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A recently published eight-year study of more than 14,000 physicians has shown that taking vitamin C and vitamin E does not prevent cardiovascular disease. The findings for vitamin C are nothing new since researchers have found the same results in many other studies; for vitamin E, however, this is a startling new development. This study was the first large, strictly controlled study to assess vitamin E and how it affects the heart and blood vessels.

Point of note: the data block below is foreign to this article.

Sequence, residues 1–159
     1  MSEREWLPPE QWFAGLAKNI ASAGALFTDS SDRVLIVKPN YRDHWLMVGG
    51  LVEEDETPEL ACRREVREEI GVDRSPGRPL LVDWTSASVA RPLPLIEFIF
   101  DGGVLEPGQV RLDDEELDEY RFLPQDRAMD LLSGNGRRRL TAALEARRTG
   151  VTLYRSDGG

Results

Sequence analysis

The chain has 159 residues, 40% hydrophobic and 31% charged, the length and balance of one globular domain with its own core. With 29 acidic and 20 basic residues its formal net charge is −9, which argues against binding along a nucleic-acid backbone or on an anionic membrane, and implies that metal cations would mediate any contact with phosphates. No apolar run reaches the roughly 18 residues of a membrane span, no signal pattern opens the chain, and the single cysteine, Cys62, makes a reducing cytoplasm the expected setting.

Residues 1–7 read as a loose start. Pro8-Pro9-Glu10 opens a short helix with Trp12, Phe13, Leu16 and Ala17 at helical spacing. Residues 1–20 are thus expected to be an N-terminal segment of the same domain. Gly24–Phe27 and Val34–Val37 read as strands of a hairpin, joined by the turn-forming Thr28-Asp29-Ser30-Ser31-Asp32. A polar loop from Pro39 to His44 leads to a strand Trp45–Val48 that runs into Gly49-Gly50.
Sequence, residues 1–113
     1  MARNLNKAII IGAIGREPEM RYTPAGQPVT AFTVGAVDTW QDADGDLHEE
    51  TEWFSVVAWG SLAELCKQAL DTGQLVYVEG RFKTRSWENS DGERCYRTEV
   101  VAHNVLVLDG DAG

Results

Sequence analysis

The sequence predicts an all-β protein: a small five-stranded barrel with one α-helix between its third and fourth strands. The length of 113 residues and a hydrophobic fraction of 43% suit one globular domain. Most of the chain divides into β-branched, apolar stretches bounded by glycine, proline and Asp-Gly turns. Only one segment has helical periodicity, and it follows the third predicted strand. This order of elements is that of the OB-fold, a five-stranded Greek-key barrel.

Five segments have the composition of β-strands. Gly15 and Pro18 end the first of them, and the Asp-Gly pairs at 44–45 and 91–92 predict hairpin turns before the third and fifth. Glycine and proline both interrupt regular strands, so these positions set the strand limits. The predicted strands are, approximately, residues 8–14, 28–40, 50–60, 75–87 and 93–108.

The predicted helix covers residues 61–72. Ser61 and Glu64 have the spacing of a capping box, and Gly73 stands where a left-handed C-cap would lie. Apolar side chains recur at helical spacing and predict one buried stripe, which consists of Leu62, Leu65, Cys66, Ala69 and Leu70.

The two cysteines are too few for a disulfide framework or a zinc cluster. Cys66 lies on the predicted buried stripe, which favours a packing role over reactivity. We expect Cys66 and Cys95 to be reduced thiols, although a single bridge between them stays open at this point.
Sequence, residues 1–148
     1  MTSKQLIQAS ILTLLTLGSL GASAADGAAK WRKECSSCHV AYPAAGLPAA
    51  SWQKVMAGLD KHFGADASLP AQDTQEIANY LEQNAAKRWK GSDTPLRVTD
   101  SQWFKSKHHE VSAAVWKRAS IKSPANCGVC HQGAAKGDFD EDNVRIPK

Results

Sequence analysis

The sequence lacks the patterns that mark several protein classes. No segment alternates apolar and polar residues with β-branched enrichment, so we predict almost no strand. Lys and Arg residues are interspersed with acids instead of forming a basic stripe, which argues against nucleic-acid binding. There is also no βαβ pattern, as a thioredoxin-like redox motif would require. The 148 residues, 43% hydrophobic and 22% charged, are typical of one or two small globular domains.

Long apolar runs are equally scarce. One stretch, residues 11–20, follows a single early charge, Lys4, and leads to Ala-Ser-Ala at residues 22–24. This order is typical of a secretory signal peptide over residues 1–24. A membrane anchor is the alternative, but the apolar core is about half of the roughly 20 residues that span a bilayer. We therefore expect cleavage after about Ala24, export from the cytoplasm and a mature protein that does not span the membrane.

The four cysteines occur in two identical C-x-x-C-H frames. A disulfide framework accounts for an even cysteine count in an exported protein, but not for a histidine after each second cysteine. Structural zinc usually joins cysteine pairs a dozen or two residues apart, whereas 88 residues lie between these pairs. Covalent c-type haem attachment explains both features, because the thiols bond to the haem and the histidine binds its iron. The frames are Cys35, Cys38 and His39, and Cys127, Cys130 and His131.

The men involved in the study were split into four groups of 3,600 patients each. One group was given vitamin C and vitamin E, one was given vitamin C and a placebo, one was given vitamin E and a placebo and one was given two placebos. The dosages given were 500 milligrams of vitamin C daily and 400 international units of vitamin E every other day. It was found that neither C nor E had an affect on what researchers deem “major cardiovascular events”, which include stroke, heart attack or death. Though this might seem to be bad news, researchers feel this is an important development for public health since so many of these supplements are used daily without sufficient data. More research is being conducted to see if a higher dosage of vitamin E would be helpful.

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